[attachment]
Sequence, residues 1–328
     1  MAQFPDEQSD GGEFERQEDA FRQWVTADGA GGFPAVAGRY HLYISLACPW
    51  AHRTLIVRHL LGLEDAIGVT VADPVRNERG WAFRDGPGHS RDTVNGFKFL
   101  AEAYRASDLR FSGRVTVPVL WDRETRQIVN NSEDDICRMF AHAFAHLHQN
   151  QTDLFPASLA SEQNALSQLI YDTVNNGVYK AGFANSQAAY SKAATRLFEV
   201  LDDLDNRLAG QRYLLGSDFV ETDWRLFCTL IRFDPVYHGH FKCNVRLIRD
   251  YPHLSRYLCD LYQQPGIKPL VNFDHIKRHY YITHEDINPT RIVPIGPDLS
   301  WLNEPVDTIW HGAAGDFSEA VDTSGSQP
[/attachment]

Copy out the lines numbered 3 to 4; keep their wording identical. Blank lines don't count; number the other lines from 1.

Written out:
    51  AHRTLIVRHL LGLEDAIGVT VADPVRNERG WAFRDGPGHS RDTVNGFKFL
   101  AEAYRASDLR FSGRVTVPVL WDRETRQIVN NSEDDICRMF AHAFAHLHQN